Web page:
This inch-long behemoth is a juvenile yellow garden spider (Argiope aurantia). When it is grown, it will be a brilliant yellow and black, and almost three inches across including the legs. (Assuming it’s a female, which is a good guess, as even now she’s bigger than an adult male; the boys top out at about 1cm in body length as adults.)
It is sitting on a weird, messy white splat of web called a stabilimentum, which is distinctive for these spiders. (It’s also the source of the common name “zipper spider”.) The spider can hide on or behind this structure, and may use it for stability when it rocks the web back and forth, which it may do in response to being disturbed or in an effort to entangle an insect caught in the web. In the evenings the spider eats the stabilimentum and replaces it with a new one.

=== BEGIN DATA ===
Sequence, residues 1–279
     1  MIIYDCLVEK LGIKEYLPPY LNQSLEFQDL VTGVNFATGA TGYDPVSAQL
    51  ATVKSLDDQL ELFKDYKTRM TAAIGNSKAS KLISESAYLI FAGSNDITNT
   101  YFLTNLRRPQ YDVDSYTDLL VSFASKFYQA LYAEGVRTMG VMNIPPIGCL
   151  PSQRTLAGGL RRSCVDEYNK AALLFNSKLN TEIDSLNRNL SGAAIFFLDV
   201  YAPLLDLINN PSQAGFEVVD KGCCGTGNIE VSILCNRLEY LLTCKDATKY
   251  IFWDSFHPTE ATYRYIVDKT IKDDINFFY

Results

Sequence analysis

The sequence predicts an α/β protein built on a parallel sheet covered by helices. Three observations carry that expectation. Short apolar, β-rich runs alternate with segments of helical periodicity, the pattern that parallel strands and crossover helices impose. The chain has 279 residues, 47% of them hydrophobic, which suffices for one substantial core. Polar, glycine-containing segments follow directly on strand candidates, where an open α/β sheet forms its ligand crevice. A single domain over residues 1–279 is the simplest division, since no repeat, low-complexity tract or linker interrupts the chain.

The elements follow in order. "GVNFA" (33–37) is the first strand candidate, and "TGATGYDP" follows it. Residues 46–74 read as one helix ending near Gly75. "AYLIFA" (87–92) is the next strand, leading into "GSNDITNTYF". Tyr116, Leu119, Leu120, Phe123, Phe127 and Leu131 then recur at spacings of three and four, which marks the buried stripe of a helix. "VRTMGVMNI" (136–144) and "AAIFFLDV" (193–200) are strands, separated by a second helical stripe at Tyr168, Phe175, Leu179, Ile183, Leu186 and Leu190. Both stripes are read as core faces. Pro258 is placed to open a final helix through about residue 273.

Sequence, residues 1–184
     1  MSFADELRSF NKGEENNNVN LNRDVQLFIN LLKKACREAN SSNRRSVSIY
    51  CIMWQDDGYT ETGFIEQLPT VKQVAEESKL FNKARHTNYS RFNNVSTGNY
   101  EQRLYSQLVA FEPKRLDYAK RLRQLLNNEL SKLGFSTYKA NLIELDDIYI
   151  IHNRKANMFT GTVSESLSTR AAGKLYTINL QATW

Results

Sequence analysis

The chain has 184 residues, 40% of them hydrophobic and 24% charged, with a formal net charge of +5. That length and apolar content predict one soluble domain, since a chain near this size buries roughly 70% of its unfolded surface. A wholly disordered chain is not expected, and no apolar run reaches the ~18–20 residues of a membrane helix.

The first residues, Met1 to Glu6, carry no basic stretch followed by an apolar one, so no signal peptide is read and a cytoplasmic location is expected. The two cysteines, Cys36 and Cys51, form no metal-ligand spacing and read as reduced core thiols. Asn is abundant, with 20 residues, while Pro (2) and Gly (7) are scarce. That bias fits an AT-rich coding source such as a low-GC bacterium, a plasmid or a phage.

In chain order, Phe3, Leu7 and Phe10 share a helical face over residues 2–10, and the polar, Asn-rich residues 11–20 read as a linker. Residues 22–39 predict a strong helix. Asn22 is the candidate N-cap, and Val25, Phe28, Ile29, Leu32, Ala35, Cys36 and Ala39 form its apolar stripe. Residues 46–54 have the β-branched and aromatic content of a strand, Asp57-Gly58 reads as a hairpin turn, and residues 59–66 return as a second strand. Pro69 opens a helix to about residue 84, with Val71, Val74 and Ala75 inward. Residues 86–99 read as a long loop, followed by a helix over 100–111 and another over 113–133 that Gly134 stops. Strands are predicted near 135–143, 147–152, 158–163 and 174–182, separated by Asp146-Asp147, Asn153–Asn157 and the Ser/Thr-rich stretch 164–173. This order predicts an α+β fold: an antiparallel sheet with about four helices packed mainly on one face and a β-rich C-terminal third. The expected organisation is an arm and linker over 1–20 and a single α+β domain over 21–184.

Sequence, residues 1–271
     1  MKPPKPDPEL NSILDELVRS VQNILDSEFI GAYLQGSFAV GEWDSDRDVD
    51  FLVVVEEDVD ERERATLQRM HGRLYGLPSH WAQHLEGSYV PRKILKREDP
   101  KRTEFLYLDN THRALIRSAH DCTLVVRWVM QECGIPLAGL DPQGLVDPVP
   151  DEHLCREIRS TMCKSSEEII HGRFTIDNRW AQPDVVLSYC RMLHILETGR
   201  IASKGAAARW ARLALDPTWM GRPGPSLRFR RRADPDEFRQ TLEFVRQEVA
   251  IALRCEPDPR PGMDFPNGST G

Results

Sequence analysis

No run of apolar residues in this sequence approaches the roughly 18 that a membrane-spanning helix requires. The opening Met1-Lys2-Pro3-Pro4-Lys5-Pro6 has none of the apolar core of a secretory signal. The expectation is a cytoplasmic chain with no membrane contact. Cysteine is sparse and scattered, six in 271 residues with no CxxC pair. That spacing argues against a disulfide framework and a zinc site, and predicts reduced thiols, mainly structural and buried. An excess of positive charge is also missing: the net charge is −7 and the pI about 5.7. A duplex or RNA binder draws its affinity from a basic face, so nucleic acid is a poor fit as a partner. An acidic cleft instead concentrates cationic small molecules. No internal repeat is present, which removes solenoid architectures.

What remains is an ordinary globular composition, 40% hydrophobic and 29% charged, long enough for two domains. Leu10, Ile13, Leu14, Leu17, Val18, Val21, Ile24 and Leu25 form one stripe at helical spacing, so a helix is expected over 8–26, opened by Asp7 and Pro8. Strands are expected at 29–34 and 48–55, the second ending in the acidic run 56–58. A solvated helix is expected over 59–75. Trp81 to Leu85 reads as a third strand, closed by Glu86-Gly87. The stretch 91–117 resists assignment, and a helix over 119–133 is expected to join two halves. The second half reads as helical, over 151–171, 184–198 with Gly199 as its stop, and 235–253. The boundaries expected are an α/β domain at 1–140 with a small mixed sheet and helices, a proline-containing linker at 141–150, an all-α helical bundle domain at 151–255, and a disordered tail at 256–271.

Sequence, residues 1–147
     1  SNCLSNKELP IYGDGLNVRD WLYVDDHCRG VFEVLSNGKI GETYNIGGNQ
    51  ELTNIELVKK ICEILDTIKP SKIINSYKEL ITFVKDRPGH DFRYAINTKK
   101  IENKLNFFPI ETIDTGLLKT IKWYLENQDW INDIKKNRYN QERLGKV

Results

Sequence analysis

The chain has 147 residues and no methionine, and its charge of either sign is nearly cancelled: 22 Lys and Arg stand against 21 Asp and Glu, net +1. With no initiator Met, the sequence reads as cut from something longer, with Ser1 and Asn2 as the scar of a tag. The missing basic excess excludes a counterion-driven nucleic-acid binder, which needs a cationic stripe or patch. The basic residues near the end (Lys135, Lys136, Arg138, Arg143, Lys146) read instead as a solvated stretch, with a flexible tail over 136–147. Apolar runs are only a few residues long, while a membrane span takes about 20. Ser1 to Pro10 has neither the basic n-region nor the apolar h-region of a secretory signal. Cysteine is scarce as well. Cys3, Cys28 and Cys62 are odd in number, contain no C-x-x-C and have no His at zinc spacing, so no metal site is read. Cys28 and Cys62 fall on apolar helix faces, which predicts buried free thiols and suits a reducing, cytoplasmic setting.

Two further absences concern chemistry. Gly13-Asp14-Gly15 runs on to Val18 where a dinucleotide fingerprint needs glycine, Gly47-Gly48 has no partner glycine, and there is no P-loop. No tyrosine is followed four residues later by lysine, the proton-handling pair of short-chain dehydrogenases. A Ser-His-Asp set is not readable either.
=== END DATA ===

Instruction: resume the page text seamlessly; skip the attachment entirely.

The spider above left is maybe an inch and a half long including legs; the spider above right is 4mm across! It was so tiny I could not see it at all until it moved — but it’s sitting on that distinctive stabilimentum already. That individual zipped back and forth from one side of the web to the other while I tried to take its photo, hiding behind the stabilimentum.
Yellow garden spiders are nonaggressive, and will only bite if provoked; the bite is said to be like a bee sting. They are generally sedentary, waiting in their webs for prey to come by, and they eat annoying insects like mosquitoes and flies, so I’m always happy to have them around.
In this photo you can see the spider’s most recent molt still hanging in the web!